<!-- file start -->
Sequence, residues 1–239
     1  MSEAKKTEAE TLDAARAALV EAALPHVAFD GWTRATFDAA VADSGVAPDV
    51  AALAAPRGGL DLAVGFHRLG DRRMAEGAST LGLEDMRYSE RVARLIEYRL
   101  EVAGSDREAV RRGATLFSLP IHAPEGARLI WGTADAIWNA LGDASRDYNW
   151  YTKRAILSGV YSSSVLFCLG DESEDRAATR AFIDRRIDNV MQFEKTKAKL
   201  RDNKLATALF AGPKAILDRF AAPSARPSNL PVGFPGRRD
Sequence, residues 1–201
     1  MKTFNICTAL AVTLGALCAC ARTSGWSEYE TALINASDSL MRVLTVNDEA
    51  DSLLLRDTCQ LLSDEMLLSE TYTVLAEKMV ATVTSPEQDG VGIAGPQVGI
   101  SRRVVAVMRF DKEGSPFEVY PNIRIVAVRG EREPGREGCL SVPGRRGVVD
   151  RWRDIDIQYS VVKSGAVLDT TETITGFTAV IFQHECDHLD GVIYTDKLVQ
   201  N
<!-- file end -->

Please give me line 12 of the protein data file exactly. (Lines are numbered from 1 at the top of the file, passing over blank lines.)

   201  N